What to Know About Step Therapy and How It Works

Under new rules outlined in the Trump administration’s American Patients First policy, the Centers for Medicare and Medicaid is now giving Medicare Advantage plans the option of applying step therapy for physician-administered and other Medicare Part B drugs beginning in 2019. The hope is that this option will lower drug costs and improve the quality of care for Medicare beneficiaries, CMS states.

Step therapy requires prior authorization for drugs that are prescribed for some medical conditions. The first “step” requires the doctor to start with the most preferred — and least expensive — drug available for that condition. If that drug doesn’t work, the doctor can take the next steps to other, more expensive therapies.

[See: 10 Things You Need to Know About Medicare.]

However, if you are already on medication for a condition as a new Medicare Advantage enrollee, you may be covered for the higher-priced option if you have already tried the lower-cost drug. For example, suppose you are being treated for high cholesterol. Your doctor has already tried two drugs on the lower steps but they didn’t work, so she put you on a more expensive medication that effectively treats your condition. Now you join a Medicare Advantage plan or change plans, and these drugs are part of that plan’s step therapy protocol. Before your plan will cover the more expensive drug, it will check with your doctor to see if you’ve tried lower-priced drug options. In this case, you have, so your current drug will most likely be covered.

Consumer Options

If you skipped the earlier steps, your current drug may cost more or may not be covered at all. But don’t despair. “The consumer does have vehicles to circumvent the lower-cost drug, but they have to jump through some hoops to do it,” says Chris Hakim, vice president of Medicare products for eHealth.com, an online marketplace for health insurance plans. If you are denied coverage, you (or your pharmacist) should notify your doctor, who may be able to prescribe a different drug that doesn’t require step therapy. “A lot of people don’t know they are on step therapy until they try to fill a prescription,” Hakim says. “The consumer should have their pharmacist call their doctor right then and there.”

If that’s not an option, you can appeal to your plan and ask for an expedited exception if you and your doctor believe you need direct access to a drug that would otherwise only be available after trying a lower-step drug. These exception requests will be completed as fast as your health condition requires, and at least within 72 hours, Hakim says.

[Read: Your Guide to Medicare Coverage.]

If your plan denies your request, you have the right to appeal. CMS says it will monitor appeals to ensure beneficiaries’ requests are appropriately evaluated. Plans are required to provide enrollees with a written notice of its determination and information on how to appeal the decision.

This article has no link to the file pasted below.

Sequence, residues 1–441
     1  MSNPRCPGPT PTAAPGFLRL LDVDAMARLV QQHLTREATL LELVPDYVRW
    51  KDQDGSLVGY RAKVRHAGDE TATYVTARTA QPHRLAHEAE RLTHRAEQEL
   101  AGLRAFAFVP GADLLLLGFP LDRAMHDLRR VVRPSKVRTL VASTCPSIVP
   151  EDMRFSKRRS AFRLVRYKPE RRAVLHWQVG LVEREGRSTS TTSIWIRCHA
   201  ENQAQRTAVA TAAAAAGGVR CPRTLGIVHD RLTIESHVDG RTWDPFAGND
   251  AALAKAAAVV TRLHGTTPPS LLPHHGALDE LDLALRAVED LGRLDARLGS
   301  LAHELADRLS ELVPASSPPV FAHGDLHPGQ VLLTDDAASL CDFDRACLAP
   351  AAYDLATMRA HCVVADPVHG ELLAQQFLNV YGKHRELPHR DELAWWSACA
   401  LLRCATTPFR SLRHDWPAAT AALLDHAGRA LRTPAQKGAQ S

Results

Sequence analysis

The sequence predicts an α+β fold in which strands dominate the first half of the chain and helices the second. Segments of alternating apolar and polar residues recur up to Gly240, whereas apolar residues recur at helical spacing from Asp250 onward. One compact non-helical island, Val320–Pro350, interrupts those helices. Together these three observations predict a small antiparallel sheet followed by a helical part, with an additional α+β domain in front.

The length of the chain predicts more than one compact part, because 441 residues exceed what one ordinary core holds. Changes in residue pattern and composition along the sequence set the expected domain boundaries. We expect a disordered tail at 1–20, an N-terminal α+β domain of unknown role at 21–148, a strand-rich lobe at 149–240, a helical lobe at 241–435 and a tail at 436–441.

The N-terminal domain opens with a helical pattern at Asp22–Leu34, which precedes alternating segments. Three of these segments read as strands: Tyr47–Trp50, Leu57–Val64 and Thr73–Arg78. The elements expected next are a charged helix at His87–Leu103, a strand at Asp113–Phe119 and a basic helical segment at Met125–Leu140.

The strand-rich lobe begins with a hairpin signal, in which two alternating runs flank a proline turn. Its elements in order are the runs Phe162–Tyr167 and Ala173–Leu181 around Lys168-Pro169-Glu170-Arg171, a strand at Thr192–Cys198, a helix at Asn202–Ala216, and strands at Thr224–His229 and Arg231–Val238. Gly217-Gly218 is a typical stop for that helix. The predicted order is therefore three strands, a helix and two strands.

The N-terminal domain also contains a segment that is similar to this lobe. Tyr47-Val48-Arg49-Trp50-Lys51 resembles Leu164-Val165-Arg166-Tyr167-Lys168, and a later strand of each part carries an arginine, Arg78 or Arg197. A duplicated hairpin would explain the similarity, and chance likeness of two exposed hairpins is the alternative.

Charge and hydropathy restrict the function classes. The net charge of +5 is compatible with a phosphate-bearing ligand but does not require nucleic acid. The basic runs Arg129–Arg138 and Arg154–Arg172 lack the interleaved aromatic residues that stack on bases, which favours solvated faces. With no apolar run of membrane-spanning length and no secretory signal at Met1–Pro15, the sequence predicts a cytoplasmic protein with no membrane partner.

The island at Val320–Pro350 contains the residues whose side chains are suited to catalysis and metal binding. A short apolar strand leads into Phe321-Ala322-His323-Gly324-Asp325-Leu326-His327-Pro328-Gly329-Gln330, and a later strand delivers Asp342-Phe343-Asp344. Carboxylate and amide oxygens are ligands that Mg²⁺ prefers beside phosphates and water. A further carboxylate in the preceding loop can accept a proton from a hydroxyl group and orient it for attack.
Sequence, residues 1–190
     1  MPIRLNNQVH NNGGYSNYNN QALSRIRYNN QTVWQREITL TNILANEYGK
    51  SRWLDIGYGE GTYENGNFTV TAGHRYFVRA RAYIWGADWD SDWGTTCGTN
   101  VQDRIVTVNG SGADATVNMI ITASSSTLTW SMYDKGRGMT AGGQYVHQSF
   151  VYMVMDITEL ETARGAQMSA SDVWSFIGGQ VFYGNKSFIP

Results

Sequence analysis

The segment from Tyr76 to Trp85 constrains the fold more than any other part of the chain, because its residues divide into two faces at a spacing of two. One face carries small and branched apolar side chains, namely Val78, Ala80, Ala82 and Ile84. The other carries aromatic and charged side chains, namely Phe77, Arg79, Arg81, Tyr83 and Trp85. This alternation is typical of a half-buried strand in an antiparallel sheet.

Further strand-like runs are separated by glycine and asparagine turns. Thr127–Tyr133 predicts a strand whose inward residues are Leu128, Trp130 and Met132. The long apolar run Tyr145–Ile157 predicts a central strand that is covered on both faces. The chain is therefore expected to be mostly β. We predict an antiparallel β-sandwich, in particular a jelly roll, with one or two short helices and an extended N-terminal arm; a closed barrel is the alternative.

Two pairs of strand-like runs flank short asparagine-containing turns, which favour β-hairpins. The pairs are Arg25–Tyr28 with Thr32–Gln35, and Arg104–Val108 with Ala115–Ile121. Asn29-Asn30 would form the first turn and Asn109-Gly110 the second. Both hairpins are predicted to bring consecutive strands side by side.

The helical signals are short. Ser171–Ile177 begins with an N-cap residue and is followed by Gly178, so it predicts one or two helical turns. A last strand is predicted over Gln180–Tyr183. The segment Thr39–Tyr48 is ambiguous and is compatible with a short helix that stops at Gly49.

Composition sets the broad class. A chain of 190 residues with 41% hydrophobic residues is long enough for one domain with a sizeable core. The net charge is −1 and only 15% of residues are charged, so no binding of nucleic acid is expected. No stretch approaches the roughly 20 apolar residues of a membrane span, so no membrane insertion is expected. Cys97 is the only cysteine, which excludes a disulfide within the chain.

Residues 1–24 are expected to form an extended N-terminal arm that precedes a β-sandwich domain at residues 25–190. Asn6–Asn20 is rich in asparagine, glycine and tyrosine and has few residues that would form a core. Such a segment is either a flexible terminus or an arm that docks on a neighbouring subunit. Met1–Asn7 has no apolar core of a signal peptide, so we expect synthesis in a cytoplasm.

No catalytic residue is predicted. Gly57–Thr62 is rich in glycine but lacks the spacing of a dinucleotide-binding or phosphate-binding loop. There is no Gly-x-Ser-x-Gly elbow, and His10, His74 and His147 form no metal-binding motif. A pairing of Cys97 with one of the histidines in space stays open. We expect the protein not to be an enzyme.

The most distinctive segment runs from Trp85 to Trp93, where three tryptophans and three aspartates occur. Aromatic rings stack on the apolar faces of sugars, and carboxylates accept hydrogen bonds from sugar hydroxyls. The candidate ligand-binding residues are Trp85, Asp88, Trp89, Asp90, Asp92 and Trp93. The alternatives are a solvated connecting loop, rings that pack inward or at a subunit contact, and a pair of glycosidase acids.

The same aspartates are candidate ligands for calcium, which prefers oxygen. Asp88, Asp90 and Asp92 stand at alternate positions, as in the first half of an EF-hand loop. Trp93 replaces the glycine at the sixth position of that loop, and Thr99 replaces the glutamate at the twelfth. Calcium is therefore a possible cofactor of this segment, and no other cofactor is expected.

“If the physician is involved and willing to go to bat for the patient, they have to have all the evidence to provide to the plan. The pharmacist can assist with this, and there are a lot of forms that can take hours to fill out,” says Tatiana Fassieux, a consultant with California Health Advocates, a Medicare advocacy organization. “Our recommendation as consumer advocates is to never accept no for answer. Always dig deeper.”

Check Your Plan Carefully

During the annual Medicare open enrollment period — from Oct. 15 to Dec. 7 — you can choose the Medicare Advantage plan that is best for you, so take time to review whether a plan you are considering includes step therapy for your particular medications. You can find out if your Medicare plan requires step therapy by looking at that plan’s formulary, the list of drugs the plan covers and the price tiers they are covered under. Look for your prescription in the formulary — if there is an “ST” after it, that means it requires step therapy.

[Read: How to Avoid Medicare Scams.]

CMS rules state that if Medicare Advantage enrollees, including new enrollees, are not satisfied with their plan, they have an opportunity to make a one-time election to go to another Medicare Advantage plan or switch to Original Medicare from Jan. 1 through March 31 annually. Individuals using this opportunity to change their Medicare plan may make a coordinating adjustment to add or drop Part D coverage, CMS says.

Hakim says only a few categories of drugs typically fall under step therapy, including allergy, depression, acid reflux and some over-the-counter medicines. “This is where you are most likely run into these issues,” Hakim says. Thus, as his colleague Andrew Shea, vice president of Medicare products at eHealth, says, “the majority of drugs are not subject to step therapy. People shouldn’t be losing sleep at night over this.”

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What to Know About Step Therapy and How It Works originally appeared on usnews.com